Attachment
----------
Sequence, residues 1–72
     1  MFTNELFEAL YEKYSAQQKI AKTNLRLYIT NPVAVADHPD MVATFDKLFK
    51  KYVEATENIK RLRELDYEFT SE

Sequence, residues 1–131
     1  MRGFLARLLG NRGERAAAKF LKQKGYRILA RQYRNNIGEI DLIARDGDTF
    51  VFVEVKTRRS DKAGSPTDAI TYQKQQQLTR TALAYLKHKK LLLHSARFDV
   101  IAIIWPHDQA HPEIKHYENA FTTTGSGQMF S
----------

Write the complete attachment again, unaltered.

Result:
Sequence, residues 1–72
     1  MFTNELFEAL YEKYSAQQKI AKTNLRLYIT NPVAVADHPD MVATFDKLFK
    51  KYVEATENIK RLRELDYEFT SE

Sequence, residues 1–131
     1  MRGFLARLLG NRGERAAAKF LKQKGYRILA RQYRNNIGEI DLIARDGDTF
    51  VFVEVKTRRS DKAGSPTDAI TYQKQQQLTR TALAYLKHKK LLLHSARFDV
   101  IAIIWPHDQA HPEIKHYENA FTTTGSGQMF S